MRI (Magnetic Resonance Imaging)
In selected patients, an MRI scan may be performed instead of or along with a CT scan. UC San Diego is a leader in MRI, with multiple scanners available to provide high-resolution imaging of the pancreas. An MRI provides detailed information about all parts of the pancreas, including areas that are hard to see on a CT scan, such as pancreatic ducts and channels. As with a CT scan, you will receive an intravenous (IV) contrast injected into your vein.
In order to plan treatment, it is best to know the size, location and stage of the cancer. The American Cancer Society recommends the American Joint Committee on Cancer (AJCC) TNM system of staging:
- T describes the size of the primary tumor, measured in centimeters
- N describes the spread to nearby lymph nodes
- M indicates whether the cancer has metastasized (spread) to other organs.
The numbers and/or letters after TNM provide more detail about each of these factors. According to the National Cancer Institute, these numbers are:
- Stage 0 – the cancer is found only in the lining of the pancreas
- Stage I – the cancer is only in the pancreas, if IA the tumor is 2 centimeters or smaller, IB if larger than 2 centimeters
- Stage II – in IIA, the cancer may have spread to nearby tissue and organs; in IIB, it has also spread to nearby lymph nodes
- Stage III – the cancer has spread to major blood vessels near the pancreas and may have spread to nearby lymph nodes
- State IV – the cancer may be of any size and has spread to distant organs, such as the liver, lung and peritoneal cavity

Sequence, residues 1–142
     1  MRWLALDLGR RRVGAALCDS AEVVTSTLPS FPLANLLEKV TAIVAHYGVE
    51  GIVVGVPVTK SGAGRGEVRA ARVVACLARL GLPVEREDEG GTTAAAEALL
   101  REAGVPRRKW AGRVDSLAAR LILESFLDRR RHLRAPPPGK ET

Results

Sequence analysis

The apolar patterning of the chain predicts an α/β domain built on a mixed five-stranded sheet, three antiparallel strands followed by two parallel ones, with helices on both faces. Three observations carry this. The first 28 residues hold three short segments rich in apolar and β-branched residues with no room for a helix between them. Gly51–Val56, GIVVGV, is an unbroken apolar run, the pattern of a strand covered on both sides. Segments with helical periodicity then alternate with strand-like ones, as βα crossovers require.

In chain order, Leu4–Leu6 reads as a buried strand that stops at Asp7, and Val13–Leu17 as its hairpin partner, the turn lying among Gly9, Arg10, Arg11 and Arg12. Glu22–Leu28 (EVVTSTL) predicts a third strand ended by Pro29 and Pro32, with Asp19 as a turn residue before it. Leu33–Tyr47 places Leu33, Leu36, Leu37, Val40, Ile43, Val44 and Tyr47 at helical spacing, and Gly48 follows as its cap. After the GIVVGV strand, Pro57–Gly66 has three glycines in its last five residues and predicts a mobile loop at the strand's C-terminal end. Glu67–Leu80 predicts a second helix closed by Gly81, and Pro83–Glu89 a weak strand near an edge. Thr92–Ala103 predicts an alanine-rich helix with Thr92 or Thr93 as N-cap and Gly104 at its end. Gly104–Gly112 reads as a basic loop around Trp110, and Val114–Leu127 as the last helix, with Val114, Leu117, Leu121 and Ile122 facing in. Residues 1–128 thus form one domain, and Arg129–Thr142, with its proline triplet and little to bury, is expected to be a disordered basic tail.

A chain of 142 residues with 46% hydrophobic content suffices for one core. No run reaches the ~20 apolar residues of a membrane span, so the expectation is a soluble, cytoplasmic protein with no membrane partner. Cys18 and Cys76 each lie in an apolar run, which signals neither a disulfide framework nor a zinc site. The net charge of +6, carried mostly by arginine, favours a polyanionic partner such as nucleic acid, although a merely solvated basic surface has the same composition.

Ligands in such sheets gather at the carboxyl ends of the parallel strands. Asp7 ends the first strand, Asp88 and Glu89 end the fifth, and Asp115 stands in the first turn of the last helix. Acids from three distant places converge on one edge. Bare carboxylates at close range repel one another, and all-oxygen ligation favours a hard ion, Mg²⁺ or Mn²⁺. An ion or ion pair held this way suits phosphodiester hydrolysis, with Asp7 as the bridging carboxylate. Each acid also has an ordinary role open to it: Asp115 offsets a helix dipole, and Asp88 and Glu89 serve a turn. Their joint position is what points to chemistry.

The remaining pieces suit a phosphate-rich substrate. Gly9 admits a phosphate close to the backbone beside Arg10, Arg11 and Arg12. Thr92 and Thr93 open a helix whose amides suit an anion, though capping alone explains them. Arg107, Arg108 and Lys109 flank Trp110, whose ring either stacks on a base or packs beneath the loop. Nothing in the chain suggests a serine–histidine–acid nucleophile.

After your diagnosis, your physician will discuss your treatment options, which may include:
Your treatment will be customized to your condition. If at all possible, your doctor will recommend surgery to remove the tumor. (However, only about 20% of pancreatic cancers can be removed by surgery, due to the aggressiveness of this type of cancer and the stage at which it is often discovered. See Surgical Treatment of Pancreatic Cancer for more information about Whipple and other procedures. If your tumor can be removed by surgery, you may also receive chemotherapy and/or radiation therapy.
Unfortunately, many cases are not discovered until the cancer has spread. In advanced cancers of the pancreas that have grown too far to be completely removed by surgery, the standard treatments are chemotherapy with the drug Gemcitabine and Erlotinib or the combination of radiation therapy and chemotherapy with Gemcitabine or 5-Fluorouracil (5-FU). In some cases of widespread, metastatic cancer of the pancreas, additional medications may be considered, as well.
Another treatment option your physician may discuss with you is participation in one of our clinical trials. This is your access to the most promising new therapies being tested. The decision to enter a clinical trial is always up to you.
Palliative care is designed to relieve suffering and improve the quality of your life by treating physical and emotional symptoms caused by your cancer or its treatment. Palliative care is not reserved for end-of-life care. We encourage patients with survivable cancers to seek palliative care, and to seek care early in cancer treatment. Learn more about Palliative Care at UC San Diego.